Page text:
Bob De Moor, more than just Hergé's chief assistant
The Flemish cartoon illustrator, Bob De Moor, was born in Antwerp on 20 December 1925. Best known as Hergé's right-hand man, he also designed his own successful comic strips. Furthermore, he is considered one of the founders of Flemish cartoons.
After his studies at the Antwerp Academy of Fine Arts, Bob De Moor worked for a while as an animator at the Afim animation studios in Antwerp. In 1945, he made his debut with the series Bart, de Scheepsjongen. Many others were to follow, including Barelli, Meester Mus, De Avonturen van Hobbel en Sobbel, De Lustige Kapoentjes, Janneke en Stanneke, Bloske en Zwik … His first album in the French language Le Mystère du Vieux Château Fort was published in 1947. His cartoons quickly appeared in a variety of Flemish newspapers.
Bob De Moor favoured the so-called "Ligne Claire" ("'Clear Line") style, in which the colours are flat and little use is made of shadow and relief. As from 1950, he joined Studio Hergé and soon became Hergé's chief assistant. He redrew the oldest Tintin albums, as well as illustrating the backgrounds. His famous interventions include the more modern design of the album The Black Island and the Beefeater uniforms for the guards in King Ottokar's Sceptre. Merchandising was also his responsibility. De Moor spent much time on these duties, which contributed to his own cartoons disappearing into the shadows of Hergés masterpieces.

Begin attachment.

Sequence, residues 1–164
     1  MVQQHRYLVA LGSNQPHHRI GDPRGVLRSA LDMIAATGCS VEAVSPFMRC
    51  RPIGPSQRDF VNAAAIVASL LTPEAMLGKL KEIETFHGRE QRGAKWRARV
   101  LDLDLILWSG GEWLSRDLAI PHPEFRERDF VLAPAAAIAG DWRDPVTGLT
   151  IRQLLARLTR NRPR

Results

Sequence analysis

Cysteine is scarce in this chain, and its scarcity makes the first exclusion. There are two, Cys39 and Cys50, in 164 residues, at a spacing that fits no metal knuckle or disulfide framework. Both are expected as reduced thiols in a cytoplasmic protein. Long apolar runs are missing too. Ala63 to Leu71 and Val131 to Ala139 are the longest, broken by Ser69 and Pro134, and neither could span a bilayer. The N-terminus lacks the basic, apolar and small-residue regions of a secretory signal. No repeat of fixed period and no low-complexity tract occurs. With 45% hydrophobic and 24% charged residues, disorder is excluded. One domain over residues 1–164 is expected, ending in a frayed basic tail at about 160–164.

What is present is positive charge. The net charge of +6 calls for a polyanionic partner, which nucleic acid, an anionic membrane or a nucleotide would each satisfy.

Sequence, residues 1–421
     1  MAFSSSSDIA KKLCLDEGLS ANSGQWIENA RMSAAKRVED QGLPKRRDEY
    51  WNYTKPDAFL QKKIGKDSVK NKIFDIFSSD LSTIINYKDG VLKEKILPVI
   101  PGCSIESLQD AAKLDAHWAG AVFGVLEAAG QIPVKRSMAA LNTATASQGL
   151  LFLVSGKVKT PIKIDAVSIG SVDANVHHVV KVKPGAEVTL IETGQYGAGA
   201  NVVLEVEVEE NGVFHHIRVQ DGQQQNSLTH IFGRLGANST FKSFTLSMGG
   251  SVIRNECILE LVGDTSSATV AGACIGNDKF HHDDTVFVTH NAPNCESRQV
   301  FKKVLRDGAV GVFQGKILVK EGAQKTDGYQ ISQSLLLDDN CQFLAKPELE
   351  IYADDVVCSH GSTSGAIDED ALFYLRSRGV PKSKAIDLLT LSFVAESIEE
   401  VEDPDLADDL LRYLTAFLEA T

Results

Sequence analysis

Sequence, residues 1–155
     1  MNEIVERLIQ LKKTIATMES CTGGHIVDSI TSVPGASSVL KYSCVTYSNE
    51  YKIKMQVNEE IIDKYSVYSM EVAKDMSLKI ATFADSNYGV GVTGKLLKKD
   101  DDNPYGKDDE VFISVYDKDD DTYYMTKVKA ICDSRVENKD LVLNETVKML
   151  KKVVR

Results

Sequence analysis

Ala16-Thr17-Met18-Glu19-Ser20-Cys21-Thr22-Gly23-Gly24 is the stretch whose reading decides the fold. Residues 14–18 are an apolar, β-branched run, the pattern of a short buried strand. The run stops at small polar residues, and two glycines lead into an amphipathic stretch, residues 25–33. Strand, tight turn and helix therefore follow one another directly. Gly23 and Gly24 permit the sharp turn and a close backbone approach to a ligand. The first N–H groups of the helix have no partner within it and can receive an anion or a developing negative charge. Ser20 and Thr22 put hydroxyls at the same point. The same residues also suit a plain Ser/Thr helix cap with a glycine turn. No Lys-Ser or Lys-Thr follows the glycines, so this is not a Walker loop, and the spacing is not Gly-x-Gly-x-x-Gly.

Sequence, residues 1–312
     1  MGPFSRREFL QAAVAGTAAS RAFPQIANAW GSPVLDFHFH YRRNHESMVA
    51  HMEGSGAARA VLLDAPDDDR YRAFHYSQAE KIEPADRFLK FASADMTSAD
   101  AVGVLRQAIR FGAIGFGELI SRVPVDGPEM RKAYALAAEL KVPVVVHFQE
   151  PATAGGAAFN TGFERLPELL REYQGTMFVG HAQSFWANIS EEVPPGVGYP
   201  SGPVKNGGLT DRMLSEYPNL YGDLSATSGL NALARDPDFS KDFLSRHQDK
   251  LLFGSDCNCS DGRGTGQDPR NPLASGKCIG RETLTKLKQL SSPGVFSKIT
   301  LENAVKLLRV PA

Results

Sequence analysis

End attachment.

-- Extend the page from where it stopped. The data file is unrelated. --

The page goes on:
Right from a young age, Bob De Moor was enchanted by the sea, majestic boats and the tales of sailors, and this is clear in a number of his childhood drawings. He could already draw the perfect bow wave even then. He spent hours staring out to sea. Once no longer taken up with Tintin, his love of the sea was soon rekindled. He set about making his dreams come true. This led to Cori, de Scheepsjongen (Cori the Cabin Boy), a wonderful series about a cabin boy, who sailed with the Dutch East India Company (VOC). The VOC was the world's largest trading organisation in the 17th century and caused the Golden Era in the Northern Netherlands. The series was also published in French, English, German, Spanish, Italian …
Bob De Moor died on 26 August 1992. His son, Johan, completed his last comic strip, Dali Capitan, in the series Cori, de Scheepsjongen.